How much can you do in 60 seconds? Can you create a foot high card tower? Keep three balloons in the air without using your hands? Inspired by the game show of the same name, there are now hundreds of minute long challenges to be found online that require only simple household items. Let everyone try their hand at a challenge, or give everyone something unique. The aim of the game is fast fun and a sense of accomplishment.
Have you got a brilliant idea for a gadget or an initiative you just need to pitch to the world? Many people do! Organize a few team members to be the investors/judges, and the rest of the team will duke it out to see who's got the million dollar idea. Bonus points if it can be integrated into the workplace or used on an upcoming project.
While this activity tends to be the biggest hit around holidays, any time of year is the perfect time to liven up the office space with some inventive adornments. In addition to showing off creative thinking and arts and crafts skills, this team building idea is also a way to allow people's personalities to shine through and express themselves in a corporate environment.
If you've got a large enough office to fill out a board, it's easy to make your own version of Guess Who using coworkers and staff, either by taping pictures over an existing board or using a deck of playing cards to represent people and display your options. Using real people rather than just generic names and physical attributes makes the game more dynamic (does your person work on the IT team? Does your person like to show off pictures of their dog?) and sometimes trickier.
Another activity that is popular among budding engineers, the aim of this challenge is to build the highest possible tower using only marshmallows and dry spaghetti. Teams must be able to plan and implement their ideas effectively and be able to bounce back from mistakes or accidents (of which there will be more than a few). Building know-how is not the only thing that will be needed to keep the towers standing: cooperation and fast thinking are also key skills.
Classroom delinquents now's your time to shine. If you've got an office that produces paper waste (and many don't nowadays, which is a good step environmentally), give that paper a second life before it heads to the recycling bin. The judging of this contest can be based on distance, with extra points thrown in for aesthetics and any sweet tricks a plane can do, like loops or spins.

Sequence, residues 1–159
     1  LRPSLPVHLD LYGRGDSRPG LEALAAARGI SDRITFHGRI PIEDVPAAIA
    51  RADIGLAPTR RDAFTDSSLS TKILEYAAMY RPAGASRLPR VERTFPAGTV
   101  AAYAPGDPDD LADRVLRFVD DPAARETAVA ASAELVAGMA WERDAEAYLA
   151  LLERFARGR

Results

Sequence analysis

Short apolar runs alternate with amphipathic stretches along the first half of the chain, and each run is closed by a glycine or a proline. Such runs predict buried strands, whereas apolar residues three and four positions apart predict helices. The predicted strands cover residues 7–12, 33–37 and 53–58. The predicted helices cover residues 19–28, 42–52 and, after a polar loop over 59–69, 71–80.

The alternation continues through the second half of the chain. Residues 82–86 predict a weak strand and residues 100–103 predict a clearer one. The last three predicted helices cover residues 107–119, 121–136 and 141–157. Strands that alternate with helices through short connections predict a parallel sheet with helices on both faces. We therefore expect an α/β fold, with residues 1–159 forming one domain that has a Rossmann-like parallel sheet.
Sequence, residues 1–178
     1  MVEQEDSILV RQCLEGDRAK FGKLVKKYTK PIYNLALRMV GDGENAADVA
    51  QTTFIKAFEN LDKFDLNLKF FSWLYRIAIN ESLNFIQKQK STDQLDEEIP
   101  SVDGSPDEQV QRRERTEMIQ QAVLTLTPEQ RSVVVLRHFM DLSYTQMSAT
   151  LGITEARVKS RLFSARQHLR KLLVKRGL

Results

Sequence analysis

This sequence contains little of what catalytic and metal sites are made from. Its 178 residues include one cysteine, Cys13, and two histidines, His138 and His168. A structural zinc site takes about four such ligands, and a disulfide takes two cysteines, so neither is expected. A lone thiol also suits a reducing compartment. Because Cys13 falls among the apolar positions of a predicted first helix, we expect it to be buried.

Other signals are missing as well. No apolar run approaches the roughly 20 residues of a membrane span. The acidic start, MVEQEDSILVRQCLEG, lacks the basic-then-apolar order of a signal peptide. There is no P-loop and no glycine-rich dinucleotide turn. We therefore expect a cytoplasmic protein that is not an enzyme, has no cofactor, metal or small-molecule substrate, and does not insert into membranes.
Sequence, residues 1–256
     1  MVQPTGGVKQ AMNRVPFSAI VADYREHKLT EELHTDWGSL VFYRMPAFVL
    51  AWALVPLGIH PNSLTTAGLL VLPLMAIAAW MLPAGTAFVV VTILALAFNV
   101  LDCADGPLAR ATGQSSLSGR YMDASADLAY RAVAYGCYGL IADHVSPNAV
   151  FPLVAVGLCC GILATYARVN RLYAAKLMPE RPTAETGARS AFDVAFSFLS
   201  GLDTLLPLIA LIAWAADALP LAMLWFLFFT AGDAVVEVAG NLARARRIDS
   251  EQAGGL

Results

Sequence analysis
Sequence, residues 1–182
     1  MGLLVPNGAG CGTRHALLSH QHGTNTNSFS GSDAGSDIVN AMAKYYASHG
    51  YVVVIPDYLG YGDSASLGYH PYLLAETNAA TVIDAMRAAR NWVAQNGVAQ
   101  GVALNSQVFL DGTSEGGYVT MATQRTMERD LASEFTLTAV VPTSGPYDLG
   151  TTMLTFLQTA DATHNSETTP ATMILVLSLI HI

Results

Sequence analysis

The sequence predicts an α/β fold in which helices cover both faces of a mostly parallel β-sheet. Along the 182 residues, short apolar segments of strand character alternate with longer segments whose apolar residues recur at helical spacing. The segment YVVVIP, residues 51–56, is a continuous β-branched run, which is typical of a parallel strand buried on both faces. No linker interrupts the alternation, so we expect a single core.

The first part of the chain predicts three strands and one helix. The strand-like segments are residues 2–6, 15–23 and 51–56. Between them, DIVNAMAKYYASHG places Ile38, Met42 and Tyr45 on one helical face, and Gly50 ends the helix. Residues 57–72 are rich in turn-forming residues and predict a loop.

If you're looking for something more special than simple team building games, something that would be good for a quarterly special treat, the following team building activities are great ideas for getting everyone out of the office and experiencing something new or special. Some of these activities can be run on your own, but it doesn't hurt to let the professionals handle it.
An immersive team event by the Great Gotham Challenge
A murder mystery-style game with a twist, Murder in the Mighty Metropolis is an experience available to all fortunate enough to live in New York City. This team-building event brings talented improv actors, inventive puzzles, and everything needed for a murder mystery to the venue of your choosing. Players must work together (and against opposing teams!) to discover the clues hidden in plain sight around them and find the murderer in their midst.
Escape rooms are everywhere nowadays, and they're a great way to have fun while also testing your team's collaborative creative problem solving, leadership skills, communication, and ability to work under pressure. Rooms tend to last about ninety minutes, during which time the team members must solve puzzles and explore the world that they've been trapped in. Finally, escaping is the ultimate experience of shared victory and the joy of success.
See who on the team can bring the best chili or apple pie, or party dip to the table, and then enjoy the palatable process of judging the winner. This team building event can be done in a conference room at the office if everything is cooked at home prior to the event, so if you want to do things on your own turf, prioritize foods that can be cooked beforehand and transported somewhat easily.
Giving back to your community is a great way to bond with members of your team while also making the world a better place and feeling good about yourself. Some large organizations like Habitat for Humanity have set programs for corporate team building events, but it's easy and simple to reach out and organize an event with more local organizations as well.
Physical and verbal coordination are both needed for this team building activity. In addition to rope bridges and balance beams, many ropes course venues have dedicated team building sections, where team members must work together to get everyone over a net or across a teetering bridge. In addition to building physical agility, ropes courses are team building exercises that also build trust and cooperation and encourage team bonding.
For end of year festivities, a little gift giving is a great way to liven up the workplace and encourage team bonding. Have individuals draw names out of a hat beforehand for a traditional Secret Santa swap, or have everyone bring in a gift and dole the gifts out white elephant style, with the option to either unwrap a new gift or steal an already revealed one.